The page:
At 16 years old, Ahed Tamimi has become an international icon. Born in the Palestinian village of Nabi Salih, the curly-haired activist has been protesting the illegal Israeli occupation since she was 9 . Now, she is one of more than 300 Palestinian children currently being held in Israeli prisons.
The occupation is brutal and harsh. Many unarmed Palestinians, including children, have been shot and maimed or killed by Israeli troops. Far more are tried in military courts with conviction rates that surpass 99 percent, according to Israeli newspaper Haaretz, or simply detained on undefined charges and incarcerated in Israeli prisons, often for long and arbitrary periods of time.
From bulldozing houses, to restricting travel, to collective punishments, to construction of apartheid walls and illegal settlements, to torture, to extreme and even deadly crackdowns on peaceful protests, to denying water, food, healthcare and electricity, the occupation takes many forms.
Against these injustices, Ahed – whose dreams of being a soccer player have been replaced with determination to become a lawyer, even as she is forced to miss important high school exams – has had the tremendous courage to speak out.
She has been tear-gassed and hit by rubber-tipped bullets and seen many family members arrested, beaten and shot. Demolition orders have been issued against her family home. At 12, she already had nightmares and flashbacks as a result of her experiences.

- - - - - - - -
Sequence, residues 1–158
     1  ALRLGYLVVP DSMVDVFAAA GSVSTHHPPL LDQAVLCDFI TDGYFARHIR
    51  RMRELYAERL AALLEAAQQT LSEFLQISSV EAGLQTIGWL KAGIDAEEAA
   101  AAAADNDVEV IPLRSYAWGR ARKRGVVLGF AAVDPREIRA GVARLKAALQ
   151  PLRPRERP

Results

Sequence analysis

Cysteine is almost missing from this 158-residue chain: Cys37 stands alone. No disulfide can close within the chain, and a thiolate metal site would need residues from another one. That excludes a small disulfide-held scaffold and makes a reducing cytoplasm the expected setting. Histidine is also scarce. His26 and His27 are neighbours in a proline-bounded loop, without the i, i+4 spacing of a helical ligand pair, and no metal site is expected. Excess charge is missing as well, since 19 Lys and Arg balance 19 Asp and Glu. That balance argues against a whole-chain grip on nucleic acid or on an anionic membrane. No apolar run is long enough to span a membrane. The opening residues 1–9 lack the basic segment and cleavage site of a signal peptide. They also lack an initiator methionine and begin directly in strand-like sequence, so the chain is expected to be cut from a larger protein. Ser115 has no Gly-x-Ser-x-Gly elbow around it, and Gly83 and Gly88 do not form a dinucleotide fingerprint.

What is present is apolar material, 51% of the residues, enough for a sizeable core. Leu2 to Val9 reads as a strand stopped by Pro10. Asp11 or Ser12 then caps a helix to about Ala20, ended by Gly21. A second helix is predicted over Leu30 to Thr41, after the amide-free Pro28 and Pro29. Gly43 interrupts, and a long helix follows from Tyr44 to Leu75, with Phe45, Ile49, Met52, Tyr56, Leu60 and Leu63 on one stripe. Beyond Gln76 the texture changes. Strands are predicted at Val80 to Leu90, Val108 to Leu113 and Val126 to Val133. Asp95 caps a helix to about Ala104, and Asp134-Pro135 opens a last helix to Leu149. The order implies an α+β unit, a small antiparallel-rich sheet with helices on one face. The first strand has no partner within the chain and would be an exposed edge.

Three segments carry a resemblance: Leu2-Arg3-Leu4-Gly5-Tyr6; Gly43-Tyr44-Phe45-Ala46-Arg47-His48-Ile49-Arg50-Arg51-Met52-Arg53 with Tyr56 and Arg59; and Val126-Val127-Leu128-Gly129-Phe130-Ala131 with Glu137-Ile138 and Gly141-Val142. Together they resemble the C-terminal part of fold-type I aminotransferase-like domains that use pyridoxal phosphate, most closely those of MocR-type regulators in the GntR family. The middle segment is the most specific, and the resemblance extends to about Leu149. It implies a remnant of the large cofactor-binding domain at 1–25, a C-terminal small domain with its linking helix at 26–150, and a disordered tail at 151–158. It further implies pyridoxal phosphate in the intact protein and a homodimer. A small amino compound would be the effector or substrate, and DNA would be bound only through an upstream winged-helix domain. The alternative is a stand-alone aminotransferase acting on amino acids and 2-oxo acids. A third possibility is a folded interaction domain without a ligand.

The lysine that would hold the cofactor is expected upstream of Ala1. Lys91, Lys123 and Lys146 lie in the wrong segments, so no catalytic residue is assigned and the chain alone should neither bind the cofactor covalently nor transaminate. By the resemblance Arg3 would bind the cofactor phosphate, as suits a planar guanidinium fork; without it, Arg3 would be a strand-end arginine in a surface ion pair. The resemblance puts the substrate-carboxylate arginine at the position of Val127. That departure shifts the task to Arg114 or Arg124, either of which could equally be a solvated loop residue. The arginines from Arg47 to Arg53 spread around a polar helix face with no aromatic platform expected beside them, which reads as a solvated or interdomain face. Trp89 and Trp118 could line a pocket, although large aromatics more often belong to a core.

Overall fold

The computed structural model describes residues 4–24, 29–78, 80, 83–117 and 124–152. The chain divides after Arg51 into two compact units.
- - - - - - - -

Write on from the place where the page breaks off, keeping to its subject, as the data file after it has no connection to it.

On more than one occasion, she has tussled with the soldiers who have attacked her family, biting a soldier who beat her brother and, more recently, slapping the soldier who shot her 15-year-old cousin in the face with a rubber bullet.
For this last action, Ahed has been charged with assaulting a soldier, interfering with his duties and stone-throwing. Threatened by Israeli authorities with rape and the punishment of other family members (Ahed’s mother and two of her cousins have since been arrested), the teenager has remained steadfast through these days of detention, even as she faces years in prison.
Ahed’s trial will begin next Wednesday. The day before, Tuesday, has been designated an international day of protest and solidarity to demand her freedom. Join me at 12:30 p.m. Jan. 30 in the Circle as we rally to free Ahed and every other political prisoner of the occupation.
Jaz Brisack is a junior general studies major from Oxford.